Pubdate: Mon, 02 Feb 2015
Source: Commercial Appeal (Memphis, TN)
Copyright: 2015 The Commercial Appeal


A series of articles in The Washington Post exposed the problem last 
fall, and U.S. Atty. Gen. Eric Holder announced recently that federal 
agencies, with few exceptions, will no longer take possession of 
assets seized by local law enforcement agencies when no crime has been proved.

Tennessee officials say the decision will have little impact on the 
activities of local law enforcement agencies, but the attorney 
general's decision to step down from the widespread use of civil 
asset forfeiture should prompt close scrutiny of the practice 
throughout the state and beyond.

The newspaper's reporting certainly opened a lot of eyes to a 
practice that had escaped widespread public attention until abuses 
were exposed.

As it turns out, the forfeiture of property such as cash, cars and 
the like is not always linked to the commission of proven crimes. The 
practice, it can be argued, has openly flouted the protections 
offered to individuals by the Fourth Amendment, which prohibits 
unreasonable searches and seizures.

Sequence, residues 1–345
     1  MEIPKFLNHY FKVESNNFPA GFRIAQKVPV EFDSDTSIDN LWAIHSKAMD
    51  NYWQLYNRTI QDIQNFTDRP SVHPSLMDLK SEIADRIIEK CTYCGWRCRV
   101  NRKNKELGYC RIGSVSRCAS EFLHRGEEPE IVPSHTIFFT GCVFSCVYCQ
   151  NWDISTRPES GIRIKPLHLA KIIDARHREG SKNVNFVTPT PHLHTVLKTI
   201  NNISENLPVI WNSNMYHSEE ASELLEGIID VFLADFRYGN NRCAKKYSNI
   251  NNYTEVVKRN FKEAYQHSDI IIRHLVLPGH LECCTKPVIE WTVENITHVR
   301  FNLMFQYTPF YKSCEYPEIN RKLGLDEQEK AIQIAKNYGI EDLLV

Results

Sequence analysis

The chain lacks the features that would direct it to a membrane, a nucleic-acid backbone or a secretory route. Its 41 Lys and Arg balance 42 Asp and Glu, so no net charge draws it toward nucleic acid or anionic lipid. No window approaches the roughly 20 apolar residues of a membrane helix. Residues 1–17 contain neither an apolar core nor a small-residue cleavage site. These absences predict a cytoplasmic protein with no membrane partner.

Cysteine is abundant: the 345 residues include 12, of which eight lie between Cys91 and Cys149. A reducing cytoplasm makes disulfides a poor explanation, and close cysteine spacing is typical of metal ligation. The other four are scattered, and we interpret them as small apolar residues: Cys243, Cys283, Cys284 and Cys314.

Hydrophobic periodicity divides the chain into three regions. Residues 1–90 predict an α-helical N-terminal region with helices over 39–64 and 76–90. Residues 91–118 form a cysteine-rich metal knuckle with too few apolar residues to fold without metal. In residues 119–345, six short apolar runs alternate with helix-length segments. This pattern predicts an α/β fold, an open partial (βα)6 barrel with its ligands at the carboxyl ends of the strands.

Specifically, Holder ended the federal government's involvement in a 
program known as "Equitable Sharing," which was developed during a 
period in which most states had neither their own asset forfeiture 
laws not the legal authority to forfeit seized assets.

The program is no longer necessary, Holder said, because states now 
have civil or criminal asset forfeiture laws of their own.

Those states include Tennessee, where, according to The Associated 
Press, the state's forfeiture laws provide few restrictions and will 
be subjected to examination by the General Assembly's Senate 
Government Operations Committee during the upcoming session. 
Legislation specifically limiting seizures to cases in which a link 
to criminal activity has been proved in court should emerge from this 
discussion and be passed without objection.

As the Post demonstrated, a program that began with good intentions - 
to starve illegal drug cartels of vital resources by seizing their 
property - has corrupted some law enforcement and government agencies 
by making asset forfeiture a necessary source of revenue to maintain 
drug enforcement activities and other police functions.

The newspaper carefully documented cases in which large amounts of 
cash and other property had wound up in government hands following 
its liberation from private citizens who had done nothing wrong - 
simply on the suspicion that the property had been used in the 
commission of illegal activities.

This is not to propose relaxing the effort to intercept traffic in 
illegal and dangerous drugs. Legitimate forfeiture can be used as an 
effective deterrent to the activities of violent drug dealers. It can 
used to help rescue Tennesseans who are addicted to insidiously 
harmful substances.

But as important as those missions might be, we must make sure that 
innocent people are not caught in the crossfire in a misdirected war on drugs.
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